Tag: Kyoto Japan

New Video: Acclaimed Japanese Punk Act Releases Cinematic Visuals for Blistering “datsu hike no onna”

Over the past few months of this year, I’ve written a bit about the  Kyoto, Japan-based garage punk act Otoboke Beaver (おとぼけビ~バ~ in Japanese), and as you may recall the act which is comprised of Accorinrin (vocals, guitar), Yoyoyoshie (guitar, vocals), Hirochan (bass, vocals) and Kahokiss (drums, vocals) can trace their origins to when they all were members of Kyoto University’s music club.

Shortly after their formation, the quartet quickly received attention both locally and nationally for pairing incredibly dexterous musicianship with their frontwoman’s confrontational stage presence. Interestingly, when  Damnably Records released the Okoshiyasu!! Otoboke Beaver compilation, the Kyoto-based punk act began receiving airplay internationally from BBC Radio 6′Gideon Coe and Tom RavenscroftXFM’s John Kennedy, as well as praise from the likes of PitchforkNPRi-Dand The Fader.

Building upon a rapidly growing international profile, the members of the band made critically applauded and attention-grabbing appearances at SXSW and FujiRock Festival, played a sold out show at London‘s 100 Club — and their Love Is Short 7 inch charted in the UK for 4 weeks. Last year, the band went on a tour of the UK that was bookmarked by slots at Coachella.

The band’s newest album ITEKOMA HITS is slated for an April 26, 2019 release through their longtime label home Damnably Records, and from the album’s first three singles “Anata Watashi Daita Ato Yome No Meshi,” “Don’t light my fire” and “I’m tired of repeating your story” the Japanese band revealed that their specialized in feral and defiantly feminist rippers that drew from noise punk, no wave, prog rock and riot grrrl punk, centered around blistering power chords, rapid-fire chord progressions and tempo changes and shouted lyrics. The album’s fourth and latest single “datsu, hike no onna” continues in a similar vein as its immediate predecessor — furious, straightforward punk that bristles with discontent and frustration.

Directed by Haruka Mitani, the video for “datsu, hike no onna” marks an important first for the band — the first time they’ve collaborated with a female director. Shot in gorgeously cinematic 8mm film, the video focuses on a woman who is seemingly suffering from bipolar disorder — at one point manic and joyous, at another point murderous. Interestingly, as the band’s Accorinrin explains, the song “is a second woman’s song similar as my previous song’s themes. hikage no onna means woman in the shadows. It can be [a] metaphor for a mistress, an ‘illegitimate’ woman or a woman without a bubbly, outgoing personality. The message of this song is lamenting the oppression of being a woman in the shadows and about getting out from this suffering.”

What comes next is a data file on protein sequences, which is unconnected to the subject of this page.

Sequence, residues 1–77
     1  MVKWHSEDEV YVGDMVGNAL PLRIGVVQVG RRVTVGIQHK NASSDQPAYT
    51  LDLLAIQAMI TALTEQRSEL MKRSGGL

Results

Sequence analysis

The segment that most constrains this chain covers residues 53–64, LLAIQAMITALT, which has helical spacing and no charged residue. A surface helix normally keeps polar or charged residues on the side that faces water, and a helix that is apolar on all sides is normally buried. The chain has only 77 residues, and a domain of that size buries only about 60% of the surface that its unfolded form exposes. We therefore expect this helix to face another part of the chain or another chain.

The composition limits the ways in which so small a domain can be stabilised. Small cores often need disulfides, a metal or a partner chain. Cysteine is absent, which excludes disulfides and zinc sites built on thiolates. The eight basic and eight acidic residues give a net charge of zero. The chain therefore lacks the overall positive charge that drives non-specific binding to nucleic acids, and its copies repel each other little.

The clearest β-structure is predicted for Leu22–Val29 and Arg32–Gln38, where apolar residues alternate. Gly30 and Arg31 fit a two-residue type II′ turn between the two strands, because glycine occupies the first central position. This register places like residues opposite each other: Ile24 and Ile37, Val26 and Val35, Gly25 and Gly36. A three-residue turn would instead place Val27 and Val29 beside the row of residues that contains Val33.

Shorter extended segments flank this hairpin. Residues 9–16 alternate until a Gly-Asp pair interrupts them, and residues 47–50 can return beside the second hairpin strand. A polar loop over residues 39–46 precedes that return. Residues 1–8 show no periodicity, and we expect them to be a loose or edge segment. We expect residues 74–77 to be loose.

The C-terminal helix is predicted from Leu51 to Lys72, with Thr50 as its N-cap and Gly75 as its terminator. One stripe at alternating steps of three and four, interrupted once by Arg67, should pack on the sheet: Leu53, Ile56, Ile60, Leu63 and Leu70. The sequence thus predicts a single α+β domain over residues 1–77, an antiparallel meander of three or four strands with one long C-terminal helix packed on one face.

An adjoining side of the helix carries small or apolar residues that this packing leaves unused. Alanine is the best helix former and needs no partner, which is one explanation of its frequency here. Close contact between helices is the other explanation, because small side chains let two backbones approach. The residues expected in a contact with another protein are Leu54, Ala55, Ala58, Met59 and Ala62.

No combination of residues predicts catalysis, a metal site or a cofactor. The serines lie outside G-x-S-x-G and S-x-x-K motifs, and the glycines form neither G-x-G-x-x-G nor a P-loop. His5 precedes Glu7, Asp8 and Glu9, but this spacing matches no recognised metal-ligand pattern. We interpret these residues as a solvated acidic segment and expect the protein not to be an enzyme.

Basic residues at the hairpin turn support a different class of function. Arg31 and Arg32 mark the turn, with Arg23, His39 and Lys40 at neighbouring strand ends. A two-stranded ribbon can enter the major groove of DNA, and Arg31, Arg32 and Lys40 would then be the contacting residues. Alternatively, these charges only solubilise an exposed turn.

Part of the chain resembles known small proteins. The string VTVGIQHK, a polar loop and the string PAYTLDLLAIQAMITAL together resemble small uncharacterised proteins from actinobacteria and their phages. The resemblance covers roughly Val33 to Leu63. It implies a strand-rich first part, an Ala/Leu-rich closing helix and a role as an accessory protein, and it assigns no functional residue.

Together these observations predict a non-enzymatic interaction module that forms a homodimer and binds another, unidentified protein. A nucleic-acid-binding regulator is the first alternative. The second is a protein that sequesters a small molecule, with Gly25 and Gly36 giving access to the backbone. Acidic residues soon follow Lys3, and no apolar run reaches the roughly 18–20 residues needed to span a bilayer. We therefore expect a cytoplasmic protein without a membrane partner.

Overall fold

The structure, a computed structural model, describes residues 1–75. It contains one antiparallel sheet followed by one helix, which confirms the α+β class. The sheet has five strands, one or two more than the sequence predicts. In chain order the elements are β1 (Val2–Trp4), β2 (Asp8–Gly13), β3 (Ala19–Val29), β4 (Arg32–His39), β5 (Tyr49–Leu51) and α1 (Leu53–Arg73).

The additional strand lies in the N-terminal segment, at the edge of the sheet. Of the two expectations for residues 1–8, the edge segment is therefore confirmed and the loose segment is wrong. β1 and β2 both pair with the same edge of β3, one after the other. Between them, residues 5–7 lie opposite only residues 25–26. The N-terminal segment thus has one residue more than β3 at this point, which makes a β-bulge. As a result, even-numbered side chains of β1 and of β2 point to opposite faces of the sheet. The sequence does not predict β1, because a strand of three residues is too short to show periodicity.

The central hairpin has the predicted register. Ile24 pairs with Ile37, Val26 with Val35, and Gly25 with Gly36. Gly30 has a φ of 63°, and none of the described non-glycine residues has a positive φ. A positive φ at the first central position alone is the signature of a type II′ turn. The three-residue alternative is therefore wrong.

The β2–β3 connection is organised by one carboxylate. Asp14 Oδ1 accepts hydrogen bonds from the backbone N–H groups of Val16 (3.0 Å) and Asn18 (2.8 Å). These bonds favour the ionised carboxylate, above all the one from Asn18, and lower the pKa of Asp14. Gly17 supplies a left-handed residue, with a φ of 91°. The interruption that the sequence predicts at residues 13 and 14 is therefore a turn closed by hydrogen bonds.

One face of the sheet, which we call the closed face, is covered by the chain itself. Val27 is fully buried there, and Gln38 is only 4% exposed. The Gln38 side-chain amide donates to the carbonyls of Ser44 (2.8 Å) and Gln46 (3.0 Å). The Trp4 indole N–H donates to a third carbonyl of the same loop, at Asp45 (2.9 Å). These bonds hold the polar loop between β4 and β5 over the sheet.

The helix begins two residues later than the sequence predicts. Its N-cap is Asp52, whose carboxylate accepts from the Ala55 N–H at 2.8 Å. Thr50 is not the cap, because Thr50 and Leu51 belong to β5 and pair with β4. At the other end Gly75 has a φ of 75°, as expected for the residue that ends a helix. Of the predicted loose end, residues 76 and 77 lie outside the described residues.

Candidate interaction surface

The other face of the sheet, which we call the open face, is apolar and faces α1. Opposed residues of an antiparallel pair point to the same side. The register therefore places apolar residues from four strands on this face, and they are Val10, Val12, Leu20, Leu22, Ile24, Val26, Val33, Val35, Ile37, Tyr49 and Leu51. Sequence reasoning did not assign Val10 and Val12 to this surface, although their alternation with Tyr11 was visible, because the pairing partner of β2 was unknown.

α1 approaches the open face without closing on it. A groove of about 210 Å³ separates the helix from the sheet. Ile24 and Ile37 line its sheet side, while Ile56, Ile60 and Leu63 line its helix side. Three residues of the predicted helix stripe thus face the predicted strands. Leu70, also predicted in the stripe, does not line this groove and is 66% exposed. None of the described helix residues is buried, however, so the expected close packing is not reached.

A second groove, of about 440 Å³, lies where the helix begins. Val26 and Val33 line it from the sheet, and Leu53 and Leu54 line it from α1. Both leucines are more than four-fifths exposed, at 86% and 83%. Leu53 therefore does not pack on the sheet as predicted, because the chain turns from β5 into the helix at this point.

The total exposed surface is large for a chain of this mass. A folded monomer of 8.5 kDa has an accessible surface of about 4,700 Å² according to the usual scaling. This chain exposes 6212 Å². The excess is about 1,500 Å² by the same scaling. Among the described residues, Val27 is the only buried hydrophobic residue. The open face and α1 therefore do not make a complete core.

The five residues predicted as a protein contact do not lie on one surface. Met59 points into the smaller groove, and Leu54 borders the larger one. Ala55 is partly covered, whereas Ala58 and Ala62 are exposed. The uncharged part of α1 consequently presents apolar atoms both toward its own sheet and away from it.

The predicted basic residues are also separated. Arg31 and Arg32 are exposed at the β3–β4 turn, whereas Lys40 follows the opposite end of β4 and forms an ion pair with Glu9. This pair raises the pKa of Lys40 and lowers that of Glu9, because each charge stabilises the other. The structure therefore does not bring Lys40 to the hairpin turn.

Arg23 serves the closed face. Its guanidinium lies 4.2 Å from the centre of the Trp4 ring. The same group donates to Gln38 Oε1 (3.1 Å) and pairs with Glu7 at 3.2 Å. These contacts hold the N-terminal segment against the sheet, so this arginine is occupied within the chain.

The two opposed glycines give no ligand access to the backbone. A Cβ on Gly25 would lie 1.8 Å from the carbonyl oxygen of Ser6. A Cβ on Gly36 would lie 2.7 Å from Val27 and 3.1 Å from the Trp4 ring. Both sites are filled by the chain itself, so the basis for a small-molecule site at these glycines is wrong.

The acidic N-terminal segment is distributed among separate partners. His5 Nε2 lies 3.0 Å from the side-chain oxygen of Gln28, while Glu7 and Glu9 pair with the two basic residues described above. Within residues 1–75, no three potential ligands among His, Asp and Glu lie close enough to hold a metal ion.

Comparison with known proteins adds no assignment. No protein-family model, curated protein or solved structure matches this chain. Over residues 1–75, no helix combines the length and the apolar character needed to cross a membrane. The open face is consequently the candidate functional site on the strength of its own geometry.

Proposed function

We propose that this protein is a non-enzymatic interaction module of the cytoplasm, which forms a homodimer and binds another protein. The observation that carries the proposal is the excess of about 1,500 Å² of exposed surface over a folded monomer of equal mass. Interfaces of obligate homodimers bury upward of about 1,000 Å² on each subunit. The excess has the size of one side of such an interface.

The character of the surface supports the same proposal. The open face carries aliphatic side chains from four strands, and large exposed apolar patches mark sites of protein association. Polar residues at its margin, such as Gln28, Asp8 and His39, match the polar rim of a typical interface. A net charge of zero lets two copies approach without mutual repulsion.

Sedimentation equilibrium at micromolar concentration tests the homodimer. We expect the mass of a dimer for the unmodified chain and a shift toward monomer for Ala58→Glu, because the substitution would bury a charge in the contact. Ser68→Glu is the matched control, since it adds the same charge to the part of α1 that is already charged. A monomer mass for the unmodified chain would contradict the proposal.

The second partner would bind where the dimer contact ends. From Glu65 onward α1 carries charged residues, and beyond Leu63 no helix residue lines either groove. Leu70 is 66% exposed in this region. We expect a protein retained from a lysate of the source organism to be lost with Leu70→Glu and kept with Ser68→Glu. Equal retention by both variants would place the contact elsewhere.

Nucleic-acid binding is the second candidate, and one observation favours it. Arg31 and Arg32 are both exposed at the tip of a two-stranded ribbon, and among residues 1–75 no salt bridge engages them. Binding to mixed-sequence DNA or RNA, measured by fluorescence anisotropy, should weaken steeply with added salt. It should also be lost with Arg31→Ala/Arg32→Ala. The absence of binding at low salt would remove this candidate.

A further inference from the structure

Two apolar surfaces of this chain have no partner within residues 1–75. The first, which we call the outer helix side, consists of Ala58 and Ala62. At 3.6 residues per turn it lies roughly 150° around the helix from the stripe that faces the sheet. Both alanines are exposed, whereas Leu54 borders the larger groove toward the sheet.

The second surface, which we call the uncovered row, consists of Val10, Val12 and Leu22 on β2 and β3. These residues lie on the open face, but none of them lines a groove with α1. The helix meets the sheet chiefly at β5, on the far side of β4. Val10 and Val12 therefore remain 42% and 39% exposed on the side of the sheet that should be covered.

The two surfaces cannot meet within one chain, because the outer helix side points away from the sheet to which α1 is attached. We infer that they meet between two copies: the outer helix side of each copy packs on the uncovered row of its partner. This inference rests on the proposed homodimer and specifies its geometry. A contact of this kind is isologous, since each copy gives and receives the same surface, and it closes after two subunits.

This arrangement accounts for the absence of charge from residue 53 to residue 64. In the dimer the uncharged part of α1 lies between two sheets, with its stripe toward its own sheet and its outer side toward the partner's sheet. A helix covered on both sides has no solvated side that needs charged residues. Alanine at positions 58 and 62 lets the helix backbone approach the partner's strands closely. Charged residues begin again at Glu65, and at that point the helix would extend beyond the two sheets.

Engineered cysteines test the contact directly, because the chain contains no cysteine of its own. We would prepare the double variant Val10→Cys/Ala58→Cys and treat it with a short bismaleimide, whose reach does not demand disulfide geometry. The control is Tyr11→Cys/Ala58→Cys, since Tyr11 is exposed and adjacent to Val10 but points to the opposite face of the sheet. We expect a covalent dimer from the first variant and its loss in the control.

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Last month, I wrote about the Kyoto, Japan-based garage punk act Otoboke Beaver (おとぼけビ~バ~ in Japanese) and as you may recall the act which features Accorinrin (vocals, guitar), Yoyoyoshie (guitar, vocals), Hirochan (bass, vocals) and Kahokiss (drums, vocals) can trace their origins to when they while being members of Kyoto University‘s music club. The quartet quickly built a profile both locally and nationally for pairing incredibly dexterous musicianship with Accorinrin’s confrontational stage presence; but when Damnably Records released the Okoshiyasu!! Otoboke Beaver compilation, the Kyoto-based quartet received airplay internationally from the likes of BBC Radio 6′s Gideon Coe and Tom Ravenscroft, XFM’s John Kennedy, as well as praise from the likes of Pitchfork, NPRi-D and The Fader.

Building upon a rapidly growing international profile, the members of the band made critically applauded and attention-grabbing appearances at SXSW and FujiRock Festival, played a sold out show at London‘s 100 Club — and their Love Is Short 7 inch charted in the UK for 4 weeks. Last year, the band went on a tour of the UK that was bookmarked by slots at Coachella. The quartet’s newest album ITEKOMA HITS is slated for an April 26 2019 release through their longtime label home Damnably Records and the album’s first two singles “Anata Watashi Daita Ato Yome No Meshi” and “Don’t light my fire,” were feral rippers that possessed elements of noise punk, no wave, prog rock and riot grrrl punk. Interestingly, ITEKOMA HITS’ third and latest single “I’m tired of your repeating story” is much more straightforward yet breakneck punk rock track centered around a propulsive bass line, some blistering guitar rock and shouted lyrics that express a mix of fury and frustration. You don’t have to understand what it is they’re actually saying to get that it’s defiantly, boldly feminist — and it fucking rips hard. What else do you need?